Writing from right next to the window in my daughter's cousin's apartment in Paris. We are poaching an unsecured wireless connection but it only works if the chair is at precisely the right angle...

I took a nonstop flight which left Charlotte at 4:30 on Saturday afternoon and got into Charles deGaulle airport at 6:30 Sunday morning. That meant that right about the time I might have been ready to go to sleep on Saturday, the pilot was telling us we'd soon be beginning our descent - oh, and it was morning.

It was a little chilly and almost-raining in Paris yesterday. I couldn't check into my hotel until 2 pm so I stumbled around, dizzy, for almost eight hours. I went to an open air market, attended mass at Notre Dame cathedral, sat in the Vosges park throwing baguette to the pigeons, and finally I could get into my room.

I woke up and it was light out. I thought it was Monday morning but imagine my horror when I saw it was 4 in the afternoon! That meant, not only had I missed my whole first day of class, but I had missed my rendezvous with Hannah and Derek - and Hannah hadn't been able to tell me the address of this flat, only that it was "near the cemetery." And she and Derek were already en route, and none of us had our cellphones.

I jumped out of bed, slammed all my things into my suitcase - almost tearing off a toenail in the process - and threw myself down the three flights of the narrow, steep staircase to the lobby.

In the lobby I apologized profusely to the concierge for sleeping through checkout time. She looked very confused. "But you only checked in two hours ago."

Oh, it was still Sunday. Sheepishly I apologized again for being such an idiot, went back upstairs and went to bed. Later I woke up, feeling much better, went out and found a nice cafe and sat eating a salad and watching tout le monde pass by.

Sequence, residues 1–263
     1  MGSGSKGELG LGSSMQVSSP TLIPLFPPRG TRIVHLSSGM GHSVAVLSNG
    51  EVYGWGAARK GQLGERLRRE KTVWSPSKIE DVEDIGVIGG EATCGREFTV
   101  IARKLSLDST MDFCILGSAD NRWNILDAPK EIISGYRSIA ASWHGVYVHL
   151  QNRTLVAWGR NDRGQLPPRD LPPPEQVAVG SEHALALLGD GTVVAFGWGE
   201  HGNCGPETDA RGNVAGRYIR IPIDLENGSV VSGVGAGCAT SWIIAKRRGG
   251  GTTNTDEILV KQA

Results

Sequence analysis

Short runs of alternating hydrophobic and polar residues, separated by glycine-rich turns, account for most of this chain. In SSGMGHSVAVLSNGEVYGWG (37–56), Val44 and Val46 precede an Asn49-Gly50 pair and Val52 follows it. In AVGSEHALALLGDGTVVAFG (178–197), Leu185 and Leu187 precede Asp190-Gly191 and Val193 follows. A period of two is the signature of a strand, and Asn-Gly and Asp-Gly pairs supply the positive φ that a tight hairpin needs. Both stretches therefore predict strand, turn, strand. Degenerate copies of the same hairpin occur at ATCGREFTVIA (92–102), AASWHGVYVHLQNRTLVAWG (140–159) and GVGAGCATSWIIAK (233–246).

Saturday, July 11, 2009

I'll be in Paris till August

Three years ago I went to the Medem Bibliotheque in Paris to study Yiddish for three weeks, and I'm doing it again - leaving in an hour... Last time, I left my daughter to blog for you because in those days I was devoted and didn't like to leave the blog unfed for even a day. Now that I realize nobody ever cared but me, I happily leave it untended.

My son will be on duty here, trying to keep Jethro and the chickens happy, fed, and watered. I hope we don't have a terrible drought as we did last time - I came home to find all my blueberry bushes dead.

Have a good July...

Friday, July 10, 2009

Stephan Michelson and Bethanne Knudson open The Oriole Mill, a jacquard mill in Henderson NC

Stephan Michelson with students at the Oriole MillI've known Stephan Michelson since I lived down the street from him on Rindge Avenue in North Cambridge. I never really understood his "day job" but he loved music - he had many vintage guitars on his walls, was bass guitarist for Red Shadow, the world's premiere "Economics Rock and Roll Band" (still available at cdbaby.com), supported blues musicians, and had a quixotic love of Balkan music, especially as performed by our peculiar ensemble, Laduvane. He produced two albums for us.